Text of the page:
After spinning this disc, I quickly found myself thinking that this is the sort of reading of the Mahler ninth symphony that, perhaps, the failed Pierre Boulez disc w Chicago SO may have aspired to be. The Philharmonia of London is playing at top form. The recording sound is good, too, though at these high levels of instrumental expertise, one may belatedly wish that we had this reading in SACD multiple channels. Lacking that, I still enjoyed this single disc version of the symphony to such an extent that it easily finds space on the keeper shelves.
Salonen's take on this gigantic work may raise eyebrows, and as one reviewer here has put it, get demerits for being 'too cool' in Mahlerian angst. I really, really like lots of Weltschmerz overall in Mahler, and the ninth symphony is no exception. What Salonen and the PO London serve up has enough size, dimension, and complexity that it kept me involved throughout. My single disc benchmarks for the M9 started w Barbirolli w Berlin, and evolved from there. I typically like the two-disc readings by, say, Wyn Morris, James Levine, Sanderling, Klemperer, and others. Yet some single disc readings do have staying power. Salonen's may be among the keepers, even though I would never, ever want this single disc outing to be my only Mahler ninth.
Tempos are on the faster side, and the musical flow is always moving forward under Salonen. The balancing of textures is so clear that at times the instrumental playing across band departments seems etched in fine lead crystal, ringing like crystal in many Mahlerian moments. The five-tempo polyphony of the first movement is simply so expertly handled, given Salonen's frame, that it might sound too easy, and to that extent, too cool or less than committed, involved. What rescues me from hearing the first movement as only less instead of more, is simply the tremendous virtuosity of the orchestra. Intervals are so clear and clean that an endless flood of intense tonal colors seems available, and as if tone color were not enough, one also begins to hear a fascinating intensity of musical concentration. No, Salonen and the band are not at all taking a heart on sleeve approach. For that I would spin Wyn Morris or James Levine or whomever. But the intellect that reveals, shapes, paces, and culminates throughout the first movement's grand polyphony has a lot of heart, taken on its own particular terms. To my hearing, that heart, color, and intensity are nearly intolerably exquisite at times, not least because the ear catches the whole music so lit with a burning pallette. Salonen's glacier ice sheets burn, burn, burn.
The two middle inner movements are fine in their own ways, though the polyphony is so constant that one can feel exhausted by the profound xray vision that seems to expose everything in the music, without necessarily taking sides ... for a texture over a main theme, for a sardonic or gut-wrenching lyric over the movement's big pictures, or over the ninth symphony's big pictures as a whole.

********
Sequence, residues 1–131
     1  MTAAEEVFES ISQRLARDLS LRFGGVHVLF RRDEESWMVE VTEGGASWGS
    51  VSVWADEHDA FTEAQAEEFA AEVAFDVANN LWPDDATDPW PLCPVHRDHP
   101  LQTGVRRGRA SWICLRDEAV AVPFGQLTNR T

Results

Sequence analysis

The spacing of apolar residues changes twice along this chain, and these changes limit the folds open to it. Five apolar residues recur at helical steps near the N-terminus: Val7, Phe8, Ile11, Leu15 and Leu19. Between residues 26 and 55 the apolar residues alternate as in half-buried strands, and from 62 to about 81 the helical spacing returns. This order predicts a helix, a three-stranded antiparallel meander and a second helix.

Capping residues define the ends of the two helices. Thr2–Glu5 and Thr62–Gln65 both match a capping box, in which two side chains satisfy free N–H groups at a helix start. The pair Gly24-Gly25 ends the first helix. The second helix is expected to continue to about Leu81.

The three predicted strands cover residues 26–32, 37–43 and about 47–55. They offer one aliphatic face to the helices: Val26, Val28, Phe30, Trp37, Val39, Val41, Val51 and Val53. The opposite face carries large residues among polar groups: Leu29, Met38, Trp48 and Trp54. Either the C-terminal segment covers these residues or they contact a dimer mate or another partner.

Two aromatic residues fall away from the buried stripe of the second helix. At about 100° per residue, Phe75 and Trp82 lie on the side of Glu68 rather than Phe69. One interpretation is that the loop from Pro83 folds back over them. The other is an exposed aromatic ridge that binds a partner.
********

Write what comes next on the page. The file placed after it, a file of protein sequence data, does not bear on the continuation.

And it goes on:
Come the final movement, Salonen stays on his chosen musical path. The virtuoso band players ramp it up a few notches, if that is possible. One aspect of that gifted superlative comes across as a sort of touch of relaxing, letting go just a very, very little. An ache throbs in those final movement long lines, that was not pulsing quite so vividly in the three prior movements. The forward motion never really stops, however, so part of the sense of grief, mortality, inevitability of farewell may stem simply from the excruciating melodies, laden with such implicit feeling or meaning, still intertwining, still dwarfing in shape and pain, an individual listener. One almost frightening aspect of this reading seems to really come through in the final movement, gangbusters. To my ears Salonen is enacting sonic and musical perspectives, as masterfully in his way, as I tend to associate with the von Karajan reading.
This Mahler ninth is a funereal train, destined to leave the station, right from it's finely judged opening bars. The Everyman who has left us is lying in grand state, no doubt, yet all the pomp and circumstance is hardly a softening of the brutal fact that we have lost someone, someone formerly alive, someone formerly much cherished. One may think of John Donne's famous ... "send not to know for whom the bell tolls, ..." if a listener can even partly identify and get wrapped up in this music that Salonen and the band sculpt into fierce, burning ice.
As in every true reading of the symphony, the final movement is well nigh asymptotic in beauty, as in pain; intolerable, except that sooner or later we must all come to grips with how much we love life and love people, in spite of the fragility, transience of all. No matter how beloved. No matter how deeply beautiful.
If a listener gets this Salonen reading with the Philharmonia, London in tip top form, I promise it will never serve as any sort of background music. You spin this one, and if you get it, you will be compelled to hear, listen, attend, and let it speak to you, if not also in you, and finally through you. One does not pull out out the evening paper or a favorite research journal, all that fast after the final pages cease. A listener lingers. If this reading has grabbed you, then you will indeed need time to recover.
Five stars, ... probably not an immense success on all conceivable listening terms, for everybody no matter what ... but a striking musical achievement in virtuoso orchestra playing, as well as in a certain modernist reading that is completely organized in George Szell-like clarity and open air exposure. Five stars.